Johnny Appleseed

In Crawford County, Ohio

Johnny Appleseed Sightings
in Crawford County & Bucyrus, OHIO

Crawford County was just one of the many “frontier areas” where Johnny helped settlers establish new roots

When the Norton Family pioneers arrived in the Bucyrus area, they discovered one of Johnny's apple orchards. On several occasions, they encountered the impassioned and eccentric man himself.

The apple orchard discovered by the Norton family when they arrived to the area in 1819 had been planted by Johnny Appleseed several years earlier. The area is known today as Finley Hill.  Finley Hill is located on North Sandusky Avenue, where Arby’s now stands.
In addition to the Norton family, other Ohio pioneers and public figures verified Johnny Appleseed’s orchards, nurseries, and intermittent physical presence in Bucyrus and the Crawford County area. The general timeframe was from 1819-1832.
William Stanbery, an Ohio State Senator and later a U.S. Representative, knew Johnny well and gained knowledge of the Swedenborgian Christian faith from him. 
William Stanbery was recorded (by reknown Ohio industrialist, John H. James), as seeing Johnny Appleseed in the rural Bucyrus area in the early 1830s on several occasions.*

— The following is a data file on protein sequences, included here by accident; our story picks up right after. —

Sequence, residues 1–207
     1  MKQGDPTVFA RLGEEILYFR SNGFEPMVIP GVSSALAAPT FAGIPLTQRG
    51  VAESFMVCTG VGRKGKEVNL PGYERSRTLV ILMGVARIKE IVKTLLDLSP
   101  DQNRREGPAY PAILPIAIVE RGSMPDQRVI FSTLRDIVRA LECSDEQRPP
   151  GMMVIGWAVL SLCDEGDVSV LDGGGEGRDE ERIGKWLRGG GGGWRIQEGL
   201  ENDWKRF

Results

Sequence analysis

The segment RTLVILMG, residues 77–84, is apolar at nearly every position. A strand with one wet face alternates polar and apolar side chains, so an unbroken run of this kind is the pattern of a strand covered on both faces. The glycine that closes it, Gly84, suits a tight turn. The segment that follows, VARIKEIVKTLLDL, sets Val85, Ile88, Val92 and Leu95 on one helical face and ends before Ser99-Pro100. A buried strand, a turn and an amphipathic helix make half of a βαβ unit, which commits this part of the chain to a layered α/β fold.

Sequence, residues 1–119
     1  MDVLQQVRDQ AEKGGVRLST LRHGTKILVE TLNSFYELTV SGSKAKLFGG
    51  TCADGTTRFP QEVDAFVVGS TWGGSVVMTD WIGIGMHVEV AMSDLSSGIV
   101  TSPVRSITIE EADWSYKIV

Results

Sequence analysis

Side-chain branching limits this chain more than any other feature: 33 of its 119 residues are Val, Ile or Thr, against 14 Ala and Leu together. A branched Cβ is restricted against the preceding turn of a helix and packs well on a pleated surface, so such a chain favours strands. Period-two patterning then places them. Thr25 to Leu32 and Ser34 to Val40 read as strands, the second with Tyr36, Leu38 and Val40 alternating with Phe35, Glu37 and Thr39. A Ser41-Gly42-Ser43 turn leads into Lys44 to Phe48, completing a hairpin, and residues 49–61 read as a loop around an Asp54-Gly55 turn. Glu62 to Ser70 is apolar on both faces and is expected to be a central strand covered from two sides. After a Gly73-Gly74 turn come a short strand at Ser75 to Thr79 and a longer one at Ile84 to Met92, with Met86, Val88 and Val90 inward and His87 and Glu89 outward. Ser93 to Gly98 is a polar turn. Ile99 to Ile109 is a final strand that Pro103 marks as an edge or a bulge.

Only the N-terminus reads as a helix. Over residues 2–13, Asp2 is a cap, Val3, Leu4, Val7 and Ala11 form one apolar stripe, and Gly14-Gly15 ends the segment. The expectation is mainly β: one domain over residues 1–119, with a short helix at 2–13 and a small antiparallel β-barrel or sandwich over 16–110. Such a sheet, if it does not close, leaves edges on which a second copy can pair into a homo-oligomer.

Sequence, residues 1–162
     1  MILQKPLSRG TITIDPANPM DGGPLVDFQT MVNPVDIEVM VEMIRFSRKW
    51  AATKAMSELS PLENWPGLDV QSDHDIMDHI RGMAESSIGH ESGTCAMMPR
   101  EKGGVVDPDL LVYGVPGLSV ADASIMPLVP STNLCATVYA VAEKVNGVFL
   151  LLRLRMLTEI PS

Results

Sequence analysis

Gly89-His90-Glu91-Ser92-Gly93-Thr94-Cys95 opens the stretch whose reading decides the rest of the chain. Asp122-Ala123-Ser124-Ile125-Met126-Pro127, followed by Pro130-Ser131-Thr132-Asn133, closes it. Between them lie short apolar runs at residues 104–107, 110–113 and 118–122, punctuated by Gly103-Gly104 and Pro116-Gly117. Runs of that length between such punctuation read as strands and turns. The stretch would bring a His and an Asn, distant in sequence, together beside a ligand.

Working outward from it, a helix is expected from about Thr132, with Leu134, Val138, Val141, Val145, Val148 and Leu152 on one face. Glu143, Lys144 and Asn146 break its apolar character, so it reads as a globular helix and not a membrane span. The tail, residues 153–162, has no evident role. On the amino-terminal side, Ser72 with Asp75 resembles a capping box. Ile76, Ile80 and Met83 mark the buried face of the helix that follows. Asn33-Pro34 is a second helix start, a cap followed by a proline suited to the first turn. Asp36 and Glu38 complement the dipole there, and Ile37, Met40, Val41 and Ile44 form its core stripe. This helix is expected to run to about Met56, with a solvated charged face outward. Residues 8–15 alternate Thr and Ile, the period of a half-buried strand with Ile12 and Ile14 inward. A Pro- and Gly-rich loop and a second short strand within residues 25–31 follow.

*Verified by Miami University’s Walter Havighurst Special Collections & Archives, sourced from John H. James Correspondence (of Urbana, Ohio) dated January 23, 1857.

Another political figure, Mordecai Bartley, who was also an Ohio Senator and U.S. Congressman (and later Ohio’s 18th governor), visited and spent the night at one of Johnny’s nurseries located in Sandusky Township (Crawford County). Bartley and his traveling companions purchased some of Johnny’s apple saplings, and then took them home on horseback the next morning.
While Johnny owned plots of land all across Ohio, he did not own a house.  Sometimes, he would create makeshift shelters or sleep in a hollowed-out log in the wilderness.  

In other instances, Johnny would spend the night at various farmsteads, reportedly sleeping on the floor. 
During his overnight stays, Johnny would often share his religious views and sometimes plant apple tree(s) in exchange for his hosts’ hospitality. 
In one instance, Johnny planted a tree on what was once known as the McMichael Farm. While the tree no longer exists, that particular farm property is located in Liberty Township, off Beechgrove road in Bucyrus.
Johnny was also reported as staying at another farmstead in the Bucyrus area as well.  According to the 1883 Eby-Smith family records, Matilda Guisinger spent her girlhood on a farm:

"In 1829, she removed to Crawford County with her parents, where she received a common school education, and where she learned the art of spinning 'tow' for cloth which constituted a portion of the wearing apparel of the family. Here she oft times administered to the wants of the Red Men whose visits were frequent.  Here too that peculiar creature 'Johnny Appleseed' often found food and lodging."

NOTE:  Matilda Guisinger’s last name changed to Eby upon marrying Peter Eby in 1842.